1. Classical differentiation methods

       Apart from growth on selective media, classical differentiation is primarily based on macroscopic information such as colony form, shape and smell and microscopic appearance such as morphology, mobility and gram staining.  Any further differentiation is based on functional metabolism, of which the API classification system for Bio-Merieux is the most widely used system.

       Certain aspects of biochemical differentiation can also be achieved on a single cell level.  For some enzymes or pathways one can buy fluorescent substrates off the shelf (Haugland, 1992), as for example for beta-galactosidase which is commonly used in molecular biology as a marker gene (Srienc et al. 1986; Russo-Marie et al. 1993; Chung et al. 1995).  As some of the colourimetric reactions do not take place inside the cell, but in the media, the use of gel-microdroplets has been suggested (Nir et al. 1990; Weaver, 1990).  A more straight forward approach is monitoring growth or membrane potential / integrity in selective conditions, either by nutrients (Shapiro, 1990) or by antibiotic susceptibility.  In clinical terms, the latter may be a differentiation far more important than perhaps the identification of species.

       Gram staining can also be performed in a flow cytometer, either by fluorescent labelled lectin probes (Sizemore et al. 1990; Haugland, 1996) or by differential uptake of lipophilic probes before and after EDTA treatment (Shapiro, 1990).

      1. Differentiation by nucleic acid probes

       Bacteria can also be differentiated by their nucleic acid. The first approach has been taken by Van Dilla (Van Dilla et al. 1983), using differences in the A-T, G-C ratio of Staphylococcus aureus, Escherichia coli and Pseudomonas aeruginosa, stained with two DNA fluorochromes with preferred binding to either of the base-pairs.  DNA measurements combined with light scatter allow separation of different sized micro-organisms in some cases (Allman et al. 1992; Allman et al. 1993) and it can be expected that the base pair specific stains could improve on that differentiation.  A very specific labelling can be achieved using oligonucleotide probes, resembling complementary sequences to cell specific nucleic acid.  Some of the nucleotides were originally labelled radioactively, but later either with haptens or direct with fluorochromes for visual detection.  Genetic probes do not deliver sufficient signal for single cell labelling without employing primed fluorescent in situ hybridisation (Fischer et al. 1994) as there are usually only one to four copies per cell.  The high copy number of ribosomal RNA and their preserved structure does allow direct detection and has proven useful for bacterial identification (Giovannoni et al. 1988; DeLong et al. 1989; Amann et al. 1990a; Amann et al. 1990b; Wagner et al. 1993) even simultaneous labelling with different probes with separate fluorochromes (Herrmann et al. 1997).  As the ribosomal copy number depends on the metabolic activity of the bacteria (Herrmann et al. 1997), metabolic inactive and dead cells can escape the analysis leading to discrepancies between detection by DNA staining and detection rRNA (Hicks et al. 1992; Manz et al. 1993; Poulsen et al. 1993; Simon et al. 1995; Ramsing et al. 1996).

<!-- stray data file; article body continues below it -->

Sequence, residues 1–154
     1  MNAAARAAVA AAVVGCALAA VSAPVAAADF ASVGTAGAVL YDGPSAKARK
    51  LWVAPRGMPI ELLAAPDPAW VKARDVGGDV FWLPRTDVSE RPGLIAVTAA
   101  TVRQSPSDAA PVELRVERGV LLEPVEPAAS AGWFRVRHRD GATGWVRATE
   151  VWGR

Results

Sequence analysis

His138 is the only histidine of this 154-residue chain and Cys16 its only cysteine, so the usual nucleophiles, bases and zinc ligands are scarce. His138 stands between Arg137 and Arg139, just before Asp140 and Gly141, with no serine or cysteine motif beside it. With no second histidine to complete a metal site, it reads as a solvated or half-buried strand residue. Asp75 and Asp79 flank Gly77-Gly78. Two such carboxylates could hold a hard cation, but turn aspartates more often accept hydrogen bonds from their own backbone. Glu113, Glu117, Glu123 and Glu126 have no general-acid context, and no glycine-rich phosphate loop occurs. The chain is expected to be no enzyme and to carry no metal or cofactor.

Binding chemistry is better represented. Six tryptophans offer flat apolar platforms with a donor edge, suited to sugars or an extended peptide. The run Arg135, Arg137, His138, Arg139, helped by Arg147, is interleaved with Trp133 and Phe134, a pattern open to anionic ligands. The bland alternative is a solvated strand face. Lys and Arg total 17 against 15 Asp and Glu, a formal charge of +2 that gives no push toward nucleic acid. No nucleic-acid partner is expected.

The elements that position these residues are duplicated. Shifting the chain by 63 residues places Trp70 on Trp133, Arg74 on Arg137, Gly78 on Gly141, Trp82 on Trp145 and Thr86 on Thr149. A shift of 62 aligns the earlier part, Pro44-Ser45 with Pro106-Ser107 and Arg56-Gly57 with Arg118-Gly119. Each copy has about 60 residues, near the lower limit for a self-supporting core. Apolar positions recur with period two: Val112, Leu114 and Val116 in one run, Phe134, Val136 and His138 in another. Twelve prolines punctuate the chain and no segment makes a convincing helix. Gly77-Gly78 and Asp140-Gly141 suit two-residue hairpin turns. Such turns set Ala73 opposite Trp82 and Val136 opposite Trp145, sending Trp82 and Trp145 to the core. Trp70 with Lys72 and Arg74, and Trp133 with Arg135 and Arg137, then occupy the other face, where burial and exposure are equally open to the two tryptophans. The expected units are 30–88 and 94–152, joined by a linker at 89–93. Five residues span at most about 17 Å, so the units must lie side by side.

The biggest advantage of the rRNA probe is the possibility for computer aided design of the probe based on sequence information even without the prior isolation of a species and the possibility to generate probe for example with pan species or kingdom specificity, but their suitability for single cell detection has always to be tested as probe access does not only depend on the degree of cell permeabilisation but also the degree of higher order structure or denaturation (Frischer et al. 1996).

      1. Identification by immunological methods

       Cell differentiation by antigen-antibody recognition is the major application of FCM in immunology, where white blood cells are identified by functional epitopes via fluorescent labelled antibodies.  Perhaps because the antibody recognition has proven quite successful in the evolution of the immune system, it is the most frequently used bio-recognition assay these days.  There are also ever increasing numbers of antibody based ‘rapid tests’ in microbiology like the latex agglutination or the Clearview tests from Oxoid Basingstoke UK, used for culture confirmation or direct testing from for clinical samples.  Despite their widespread use in bulk assays and even fluorescent microscopy, there is only a limited amount of literature about bacterial differentiation by antibodies in flow cytometry.  A lot of the early publications suffered from poor cluster separation of the antibody labelled event from the background, but Sahar et al (Sahar et al. 1983) already demonstrated the advantage of counterstaining with ethidium bromide to discriminate bacteria from other particles.  Others successfully used propidium iodide for that purpose (Tyndall et al. 1985; Donnelly and Baigent, 1986; V�lsch et al. 1990).  Such counterstaining is not always required, in particular when handling cultured cells which give rise to stronger light scatter signals.  Thus in turn they can be used to assay antibodies in serum and the vaccination efficacy in men (Sachsenmeier et al. 1992; Callister et al. 1994; Lim et al. 1994; Callister et al. 1996; Creson et al. 1996; Padilla et al. 1996).  Enhanced differentiation by multicolour antibody fluorescence has been demonstrated using separate fluorochromes for two antibodies (McClelland and Pinder, 1994) and four antibodies (Hutter, 1992) simultaneously with a single wavelength excitation.  More recent studies by image and flow cytometry have even used combinations of immunofluorescence, rRNA probes (Li et al. 1997) and total DNA labelling (Assmus et al. 1997; Wallner et al. 1997).